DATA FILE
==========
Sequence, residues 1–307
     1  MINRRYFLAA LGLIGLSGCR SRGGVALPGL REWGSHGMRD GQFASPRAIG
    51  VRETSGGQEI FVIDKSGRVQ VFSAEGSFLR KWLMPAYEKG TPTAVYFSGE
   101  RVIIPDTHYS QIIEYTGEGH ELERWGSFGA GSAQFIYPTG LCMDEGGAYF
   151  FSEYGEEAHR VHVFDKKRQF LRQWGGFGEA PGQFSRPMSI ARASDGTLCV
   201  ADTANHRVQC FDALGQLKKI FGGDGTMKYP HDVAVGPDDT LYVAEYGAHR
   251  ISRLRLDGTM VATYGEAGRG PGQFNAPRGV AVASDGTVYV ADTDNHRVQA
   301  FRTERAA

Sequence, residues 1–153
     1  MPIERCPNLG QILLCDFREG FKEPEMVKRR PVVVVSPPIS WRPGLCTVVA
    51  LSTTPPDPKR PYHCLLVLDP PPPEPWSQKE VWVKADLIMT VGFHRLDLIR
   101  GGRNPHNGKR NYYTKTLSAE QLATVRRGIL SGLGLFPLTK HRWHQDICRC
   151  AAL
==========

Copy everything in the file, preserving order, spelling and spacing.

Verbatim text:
Sequence, residues 1–307
     1  MINRRYFLAA LGLIGLSGCR SRGGVALPGL REWGSHGMRD GQFASPRAIG
    51  VRETSGGQEI FVIDKSGRVQ VFSAEGSFLR KWLMPAYEKG TPTAVYFSGE
   101  RVIIPDTHYS QIIEYTGEGH ELERWGSFGA GSAQFIYPTG LCMDEGGAYF
   151  FSEYGEEAHR VHVFDKKRQF LRQWGGFGEA PGQFSRPMSI ARASDGTLCV
   201  ADTANHRVQC FDALGQLKKI FGGDGTMKYP HDVAVGPDDT LYVAEYGAHR
   251  ISRLRLDGTM VATYGEAGRG PGQFNAPRGV AVASDGTVYV ADTDNHRVQA
   301  FRTERAA

Sequence, residues 1–153
     1  MPIERCPNLG QILLCDFREG FKEPEMVKRR PVVVVSPPIS WRPGLCTVVA
    51  LSTTPPDPKR PYHCLLVLDP PPPEPWSQKE VWVKADLIMT VGFHRLDLIR
   101  GGRNPHNGKR NYYTKTLSAE QLATVRRGIL SGLGLFPLTK HRWHQDICRC
   151  AAL